Our DEI program is quite extensive through book clubs, panel discussions, and more. We recently completed a book related to mental health awareness and it created space for anyone in the organization to talk about their experiences, challenges, and biases.

Which new skills do leaders need in a more virtual work environment?

Finding the sweet spot between work from home and work in office. There is a spectrum. Some employees want to get back to the office, and others have no interest in it. Leaders need to be savvy enough to know where their employees are at and adapt accordingly.

They also must be intentional around evaluation and observation. In a work from home environment, leaders have to insert themselves a bit more and ask questions like “show me what you have going on” and “let me see you doing the work.” It can feel a little intrusive if it’s a new behavior. Communication and humility are important allies here.

They also have to be intentional about building workplace relationships and culture. Happy hours got old quick.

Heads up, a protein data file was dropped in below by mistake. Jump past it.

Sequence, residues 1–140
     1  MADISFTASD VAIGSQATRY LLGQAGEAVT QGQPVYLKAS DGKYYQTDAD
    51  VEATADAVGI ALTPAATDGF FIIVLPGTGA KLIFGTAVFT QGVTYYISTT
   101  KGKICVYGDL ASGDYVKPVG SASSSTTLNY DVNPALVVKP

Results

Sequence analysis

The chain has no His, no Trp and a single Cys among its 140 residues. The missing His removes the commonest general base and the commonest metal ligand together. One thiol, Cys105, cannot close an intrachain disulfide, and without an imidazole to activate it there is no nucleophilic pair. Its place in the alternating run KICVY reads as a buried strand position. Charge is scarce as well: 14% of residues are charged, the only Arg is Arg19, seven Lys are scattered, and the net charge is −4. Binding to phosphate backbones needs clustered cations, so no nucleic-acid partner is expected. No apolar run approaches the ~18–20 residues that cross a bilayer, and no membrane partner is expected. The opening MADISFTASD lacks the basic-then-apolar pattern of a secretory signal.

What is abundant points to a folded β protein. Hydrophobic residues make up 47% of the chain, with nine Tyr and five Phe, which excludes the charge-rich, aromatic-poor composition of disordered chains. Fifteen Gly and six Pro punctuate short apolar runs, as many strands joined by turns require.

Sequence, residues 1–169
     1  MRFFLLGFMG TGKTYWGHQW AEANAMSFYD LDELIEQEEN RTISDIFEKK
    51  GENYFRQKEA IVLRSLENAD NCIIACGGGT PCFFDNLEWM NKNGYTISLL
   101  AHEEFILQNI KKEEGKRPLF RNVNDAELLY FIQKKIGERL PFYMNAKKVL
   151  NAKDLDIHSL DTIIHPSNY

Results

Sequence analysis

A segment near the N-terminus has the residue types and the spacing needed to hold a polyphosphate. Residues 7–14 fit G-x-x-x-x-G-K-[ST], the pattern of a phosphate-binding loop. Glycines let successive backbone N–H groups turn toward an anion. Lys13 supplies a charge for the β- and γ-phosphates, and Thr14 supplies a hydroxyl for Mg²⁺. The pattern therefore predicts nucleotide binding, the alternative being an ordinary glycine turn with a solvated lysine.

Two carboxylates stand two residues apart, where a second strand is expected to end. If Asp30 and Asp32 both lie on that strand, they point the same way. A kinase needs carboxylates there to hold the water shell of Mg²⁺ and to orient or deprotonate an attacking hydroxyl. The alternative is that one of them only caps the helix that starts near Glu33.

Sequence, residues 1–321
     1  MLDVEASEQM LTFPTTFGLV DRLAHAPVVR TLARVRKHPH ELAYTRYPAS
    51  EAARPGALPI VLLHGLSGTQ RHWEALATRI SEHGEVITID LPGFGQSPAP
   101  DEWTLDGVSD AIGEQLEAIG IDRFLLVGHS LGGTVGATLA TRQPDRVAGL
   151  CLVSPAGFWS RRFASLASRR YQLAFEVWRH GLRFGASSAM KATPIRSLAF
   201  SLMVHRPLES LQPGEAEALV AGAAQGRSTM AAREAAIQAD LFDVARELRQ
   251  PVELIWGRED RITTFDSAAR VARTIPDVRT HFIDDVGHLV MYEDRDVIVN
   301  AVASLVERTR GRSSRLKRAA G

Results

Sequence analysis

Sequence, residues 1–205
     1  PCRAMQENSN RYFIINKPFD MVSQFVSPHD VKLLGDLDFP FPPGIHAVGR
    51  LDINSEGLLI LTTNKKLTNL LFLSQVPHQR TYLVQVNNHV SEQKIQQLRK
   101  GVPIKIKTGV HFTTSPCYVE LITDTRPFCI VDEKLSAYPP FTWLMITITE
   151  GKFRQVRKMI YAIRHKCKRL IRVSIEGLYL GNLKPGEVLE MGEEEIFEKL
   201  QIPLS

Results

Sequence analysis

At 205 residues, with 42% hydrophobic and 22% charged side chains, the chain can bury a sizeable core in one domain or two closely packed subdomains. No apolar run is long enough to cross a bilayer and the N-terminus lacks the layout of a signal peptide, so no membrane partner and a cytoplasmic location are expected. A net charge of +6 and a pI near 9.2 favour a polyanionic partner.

Leaders need new skills and resources to help them build team connectivity. Creating situations for their teams to be together and collaborate doesn’t happen by accident. It requires conscious decision and action.

We’ve been learning virtually for some time now. What’s working well? What isn’t?

MTM was running classes virtually before the pandemic, so we were well prepared for a work from home process and call center. We are operating like a well-oiled machine, and it shows in our metrics and goals!

What’s more challenging is creating situations where learners feel connected to each other, which can show up in feelings of isolation—especially with our frontline employees. It can also impact the learning process itself. For example, with new employees we hear it’s a lot to learn a new system remotely, and that anyone learning a new system wants someone next to them for that reassurance and closer guidance. You have to be so much more intentional to do this virtually.